What is included in the long-term monitoring of urothelial tumors of the renal pelvis and ureters?

Updated: Aug 07, 2020
  • Author: Kyle A Richards, MD, FACS; Chief Editor: Bradley Fields Schwartz, DO, FACS  more...
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Follow-up is largely determined by tumor grade and stage and the procedure performed. In cases in which a radical nephroureterectomy is performed, local recurrence is uncommon. Bladder recurrence rates vary per report, from 15-50%. The bladder should be surveyed routinely.

In patients managed conservatively or with endoscopic techniques, closer follow-up intervals are warranted. Surveillance ureteroscopy under local anesthesia in the clinic is feasible and well tolerated in selected patients. The high rate of recurrence mandates strict postoperative surveillance for any renal-sparing treatment strategy used for upper-tract urothelial tumors.

The American Urological Association has no guideline on follow-up and surveillance. A generally accepted surveillance protocol consists of cystoscopy and selective urine cytology at 3-month intervals postoperatively for the first year and every 6 months during the second year. CT urography, excretory urography, or retrograde ureteropyelography can be performed at 3- to 6-month intervals to evaluate the upper tract. Ureteroscopy is the most sensitive tool for detecting recurrence and is performed routinely at 3-month intervals initially, with the frequency increasing to 6 months after the first year. At 2-5 years, cystoscopy and ureteroscopy are continued at 6-month intervals.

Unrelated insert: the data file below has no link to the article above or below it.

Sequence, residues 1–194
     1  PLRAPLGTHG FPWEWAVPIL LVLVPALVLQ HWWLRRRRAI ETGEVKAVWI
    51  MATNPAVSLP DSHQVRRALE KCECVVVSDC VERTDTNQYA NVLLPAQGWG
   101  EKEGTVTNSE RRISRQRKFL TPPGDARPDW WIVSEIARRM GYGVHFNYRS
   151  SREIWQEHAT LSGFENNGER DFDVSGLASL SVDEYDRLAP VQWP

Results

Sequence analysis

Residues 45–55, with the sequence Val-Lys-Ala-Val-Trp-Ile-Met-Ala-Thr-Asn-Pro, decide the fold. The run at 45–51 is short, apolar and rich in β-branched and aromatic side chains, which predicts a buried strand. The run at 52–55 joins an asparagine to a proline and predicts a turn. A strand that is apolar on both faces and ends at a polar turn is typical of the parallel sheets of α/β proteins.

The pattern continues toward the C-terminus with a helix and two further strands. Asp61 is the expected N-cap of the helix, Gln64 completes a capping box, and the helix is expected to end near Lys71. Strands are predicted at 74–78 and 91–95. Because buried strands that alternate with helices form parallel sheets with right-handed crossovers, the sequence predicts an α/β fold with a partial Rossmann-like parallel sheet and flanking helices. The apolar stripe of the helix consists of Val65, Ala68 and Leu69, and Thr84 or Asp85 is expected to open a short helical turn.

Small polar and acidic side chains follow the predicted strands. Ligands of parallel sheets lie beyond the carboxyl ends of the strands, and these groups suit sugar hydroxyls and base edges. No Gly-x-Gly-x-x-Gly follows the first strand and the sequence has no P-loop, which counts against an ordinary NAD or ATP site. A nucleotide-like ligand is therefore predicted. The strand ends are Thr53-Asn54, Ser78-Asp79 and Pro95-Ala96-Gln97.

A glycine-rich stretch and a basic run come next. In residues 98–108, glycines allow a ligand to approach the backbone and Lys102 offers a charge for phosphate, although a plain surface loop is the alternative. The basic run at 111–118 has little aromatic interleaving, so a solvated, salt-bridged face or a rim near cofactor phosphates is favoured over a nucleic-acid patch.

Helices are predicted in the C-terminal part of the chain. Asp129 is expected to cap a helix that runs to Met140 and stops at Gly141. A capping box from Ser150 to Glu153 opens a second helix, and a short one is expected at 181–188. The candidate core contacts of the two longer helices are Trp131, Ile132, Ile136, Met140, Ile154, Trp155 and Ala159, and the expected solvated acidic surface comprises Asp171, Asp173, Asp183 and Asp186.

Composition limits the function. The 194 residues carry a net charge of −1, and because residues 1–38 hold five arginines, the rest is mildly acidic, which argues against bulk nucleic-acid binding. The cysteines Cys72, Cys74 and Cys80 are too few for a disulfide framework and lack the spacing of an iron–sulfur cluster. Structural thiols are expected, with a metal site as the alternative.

As mentioned above, ureteroscopy is the preferred surveillance tool for detecting recurrences after endoscopic ablation of upper tract transitional cell carcinoma (TCC).

Ureteroscopy with biopsy and cytology yields a sensitivity of 93.4% and specificity of 65.2%. In the same series, surveillance with retrograde pyelography had a sensitivity and specificity of 71.7% and 84.7%, respectively. [62]

Voided urine cytology and microscopic hematuria yield a low sensitivity but reasonable specificity in detecting upper tract recurrences.

Upon any recurrence, the endoscopic cycle is restarted.

The contralateral collecting system is studied radiographically once yearly with CT urography, retrograde pyelography, or intravenous pyelography and cytology. Surveillance cystoscopy and imaging of the contralateral upper tract is also required to detect recurrences in patients treated with nephroureterectomy.

Several novel markers in addition to urine cytology and fluorescence in situ hybridization (FISH) may be helpful in detecting recurrent urothelial carcinoma. A prospective study by Siemens et al determined that the accuracy of diagnostic markers was as follows [63] :

  • Urinary fibrinogen/fibrin degradation products (FDPs) – Sensitivity 100%, specificity 83%
  • Bladder tumor antigen (BTA) – Sensitivity 50%, specificity 62%
  • Urine cytology – Sensitivity 29%, specificity 59%

For patient education resources, see the Cancer and Tumors Center and Kidneys and Urinary System Center, as well as Bladder Cancer, Blood in the Urine, Intravenous Pyelogram, and Cystoscopy.

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